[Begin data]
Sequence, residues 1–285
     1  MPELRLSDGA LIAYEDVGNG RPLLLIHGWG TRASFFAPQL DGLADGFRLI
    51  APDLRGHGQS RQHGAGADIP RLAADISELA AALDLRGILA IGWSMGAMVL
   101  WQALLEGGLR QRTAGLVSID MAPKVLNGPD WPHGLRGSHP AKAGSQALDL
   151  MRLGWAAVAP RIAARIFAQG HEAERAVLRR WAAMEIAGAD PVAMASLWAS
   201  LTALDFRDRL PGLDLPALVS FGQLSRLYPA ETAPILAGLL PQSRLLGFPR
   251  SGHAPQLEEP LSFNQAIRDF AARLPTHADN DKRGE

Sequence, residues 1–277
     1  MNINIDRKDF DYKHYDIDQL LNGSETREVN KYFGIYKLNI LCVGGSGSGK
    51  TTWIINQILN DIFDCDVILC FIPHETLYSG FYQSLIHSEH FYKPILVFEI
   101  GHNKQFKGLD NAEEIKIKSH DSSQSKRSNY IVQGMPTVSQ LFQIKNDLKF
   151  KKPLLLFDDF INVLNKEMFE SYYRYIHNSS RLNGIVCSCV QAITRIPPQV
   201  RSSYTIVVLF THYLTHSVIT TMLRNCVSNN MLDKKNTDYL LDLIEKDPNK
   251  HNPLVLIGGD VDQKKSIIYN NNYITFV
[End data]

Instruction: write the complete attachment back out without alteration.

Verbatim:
Sequence, residues 1–285
     1  MPELRLSDGA LIAYEDVGNG RPLLLIHGWG TRASFFAPQL DGLADGFRLI
    51  APDLRGHGQS RQHGAGADIP RLAADISELA AALDLRGILA IGWSMGAMVL
   101  WQALLEGGLR QRTAGLVSID MAPKVLNGPD WPHGLRGSHP AKAGSQALDL
   151  MRLGWAAVAP RIAARIFAQG HEAERAVLRR WAAMEIAGAD PVAMASLWAS
   201  LTALDFRDRL PGLDLPALVS FGQLSRLYPA ETAPILAGLL PQSRLLGFPR
   251  SGHAPQLEEP LSFNQAIRDF AARLPTHADN DKRGE

Sequence, residues 1–277
     1  MNINIDRKDF DYKHYDIDQL LNGSETREVN KYFGIYKLNI LCVGGSGSGK
    51  TTWIINQILN DIFDCDVILC FIPHETLYSG FYQSLIHSEH FYKPILVFEI
   101  GHNKQFKGLD NAEEIKIKSH DSSQSKRSNY IVQGMPTVSQ LFQIKNDLKF
   151  KKPLLLFDDF INVLNKEMFE SYYRYIHNSS RLNGIVCSCV QAITRIPPQV
   201  RSSYTIVVLF THYLTHSVIT TMLRNCVSNN MLDKKNTDYL LDLIEKDPNK
   251  HNPLVLIGGD VDQKKSIIYN NNYITFV